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Wednesday July 29th, 2015

Posted at 9:56pm

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New funding for a collaborative research project between Windsor Regional Hospital and the University of Windsor will look for new and better ways to treat women with an aggressive form of breast cancer.

UWindsor biology researcher Lisa Porter along with Windsor Regional Hospital Oncologist Caroline Hamm recently received a Canadian Institutes of Health Research Transitional Operating Grant of more than $765,000 in support of their work, Novel Cell Cycle Regulation in the Initiation and Therapeutic Intervention of Triple Negative Breast Cancer. The funding will support the project over five years.

Their research focuses on triple negative breast cancer, an aggressive form of the disease that commonly affects the youngest group of breast cancer patients. UWindsor’s Porter Lab has identified a protein known as Speedy, or Spy1, that drives aggressive populations of cells in triple negative breast cancer to grow, and impacts how responsive individual patients are to select drugs.

The Porter lab will use a mouse model, human cells, and patient samples to determine whether Spy1 and related proteins provide a signature to identify triple negative breast cancer patients who will respond to specific treatments. They will also address whether targeting Spy1 represents a valuable therapeutic direction for patients with this form of aggressive breast cancer.

“We are very excited to work with Windsor Regional Hospital and partnering institutions in Michigan to help us move these discoveries forward” says Dr. Porter. ”The ultimate goal is to improve survival rates for patients with this aggressive form of disease. Doing the research in Windsor will give patients in Windsor/Essex the added benefit of access to these advancements before any other region.”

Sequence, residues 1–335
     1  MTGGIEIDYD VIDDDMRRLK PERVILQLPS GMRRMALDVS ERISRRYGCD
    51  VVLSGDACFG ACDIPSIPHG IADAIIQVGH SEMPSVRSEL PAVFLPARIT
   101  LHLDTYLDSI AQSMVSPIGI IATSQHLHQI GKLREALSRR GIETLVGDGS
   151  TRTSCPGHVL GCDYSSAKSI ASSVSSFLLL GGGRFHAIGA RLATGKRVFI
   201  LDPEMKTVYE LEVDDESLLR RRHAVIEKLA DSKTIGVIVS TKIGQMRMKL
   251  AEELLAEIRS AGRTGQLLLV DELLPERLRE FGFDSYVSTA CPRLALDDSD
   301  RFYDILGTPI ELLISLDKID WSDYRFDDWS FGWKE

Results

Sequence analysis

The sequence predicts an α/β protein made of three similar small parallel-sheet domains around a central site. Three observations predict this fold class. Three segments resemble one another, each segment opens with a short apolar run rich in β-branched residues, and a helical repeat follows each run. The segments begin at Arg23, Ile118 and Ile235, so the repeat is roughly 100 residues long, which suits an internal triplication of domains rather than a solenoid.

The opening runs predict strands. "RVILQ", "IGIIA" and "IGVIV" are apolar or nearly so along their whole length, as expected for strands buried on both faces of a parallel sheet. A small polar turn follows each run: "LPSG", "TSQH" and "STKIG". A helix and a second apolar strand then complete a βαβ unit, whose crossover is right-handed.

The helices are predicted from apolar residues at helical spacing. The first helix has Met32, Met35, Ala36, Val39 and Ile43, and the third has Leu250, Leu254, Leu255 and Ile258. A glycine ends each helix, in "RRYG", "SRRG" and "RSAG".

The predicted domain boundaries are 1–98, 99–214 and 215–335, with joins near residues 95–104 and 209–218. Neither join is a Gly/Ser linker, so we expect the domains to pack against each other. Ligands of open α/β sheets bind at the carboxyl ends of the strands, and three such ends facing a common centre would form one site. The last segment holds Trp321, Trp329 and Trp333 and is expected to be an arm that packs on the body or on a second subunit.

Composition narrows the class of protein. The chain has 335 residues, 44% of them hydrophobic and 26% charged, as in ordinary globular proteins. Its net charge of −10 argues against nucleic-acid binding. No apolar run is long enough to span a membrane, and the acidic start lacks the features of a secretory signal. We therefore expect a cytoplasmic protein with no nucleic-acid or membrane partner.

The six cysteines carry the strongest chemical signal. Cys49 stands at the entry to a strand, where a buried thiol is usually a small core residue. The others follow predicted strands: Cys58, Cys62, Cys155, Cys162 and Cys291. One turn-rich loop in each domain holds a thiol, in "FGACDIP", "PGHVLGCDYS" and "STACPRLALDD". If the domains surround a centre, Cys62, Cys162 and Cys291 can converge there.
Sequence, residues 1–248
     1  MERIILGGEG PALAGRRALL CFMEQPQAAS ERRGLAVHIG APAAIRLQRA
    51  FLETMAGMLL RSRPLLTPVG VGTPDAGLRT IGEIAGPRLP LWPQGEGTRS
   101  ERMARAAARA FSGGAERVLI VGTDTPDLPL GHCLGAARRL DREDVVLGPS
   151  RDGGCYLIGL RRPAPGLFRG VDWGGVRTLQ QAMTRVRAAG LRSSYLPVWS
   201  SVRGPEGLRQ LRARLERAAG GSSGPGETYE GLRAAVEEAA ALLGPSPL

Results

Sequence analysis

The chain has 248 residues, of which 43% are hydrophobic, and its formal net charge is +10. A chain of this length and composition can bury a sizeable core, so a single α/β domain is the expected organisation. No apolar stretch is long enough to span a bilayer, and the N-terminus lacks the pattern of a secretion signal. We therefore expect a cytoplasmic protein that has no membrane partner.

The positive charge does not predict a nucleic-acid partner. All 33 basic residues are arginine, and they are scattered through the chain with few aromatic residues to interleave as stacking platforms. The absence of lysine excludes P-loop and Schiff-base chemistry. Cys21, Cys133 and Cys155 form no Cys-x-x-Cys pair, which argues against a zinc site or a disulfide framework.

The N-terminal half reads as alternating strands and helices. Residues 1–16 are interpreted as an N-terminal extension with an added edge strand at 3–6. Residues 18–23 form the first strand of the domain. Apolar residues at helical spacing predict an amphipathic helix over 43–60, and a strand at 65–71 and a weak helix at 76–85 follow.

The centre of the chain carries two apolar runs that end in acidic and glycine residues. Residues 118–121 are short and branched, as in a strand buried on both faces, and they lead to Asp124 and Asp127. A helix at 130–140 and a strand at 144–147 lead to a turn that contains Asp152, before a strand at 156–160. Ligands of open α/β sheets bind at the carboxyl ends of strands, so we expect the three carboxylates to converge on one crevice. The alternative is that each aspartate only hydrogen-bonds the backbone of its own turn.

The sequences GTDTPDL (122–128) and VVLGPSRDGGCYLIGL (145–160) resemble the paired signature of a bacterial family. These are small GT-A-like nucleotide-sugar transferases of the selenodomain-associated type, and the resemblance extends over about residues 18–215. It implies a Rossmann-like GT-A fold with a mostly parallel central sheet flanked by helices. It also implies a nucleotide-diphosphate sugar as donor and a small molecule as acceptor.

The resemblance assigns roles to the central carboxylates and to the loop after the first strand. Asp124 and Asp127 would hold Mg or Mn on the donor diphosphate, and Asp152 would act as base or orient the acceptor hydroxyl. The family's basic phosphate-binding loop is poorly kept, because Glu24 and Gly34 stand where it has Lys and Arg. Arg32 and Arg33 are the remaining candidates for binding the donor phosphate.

Both Drs. Porter and Hamm are members of the Windsor Cancer Research Group (WCRG), an assembly of local researchers and healthcare professionals working to strengthen local cancer research programs. This latest project is an extension of previous work funded by the Canadian Cancer Society/Canadian Breast Cancer Research Alliance, and the Windsor Essex County Cancer Centre Foundation Seeds4Hope program.

“Windsor Regional Hospital is very proud of the amazing research that is being conducted by the WCRG and the University of Windsor. This type of announcement is an example of the health care system we are planning and building in Windsor/Essex,” says David Musyj, President & CEO Windsor Regional Hospital.

“The University of Windsor recognizes the importance of translating the work of our researchers to the community we serve,” says K. W. Michael Siu, UWindsor Vice-President, Research and Innovation. “We look forward to continuing research partnerships that strengthen and support the type of vital work that will make a difference in the lives of the people in our region and the world.”

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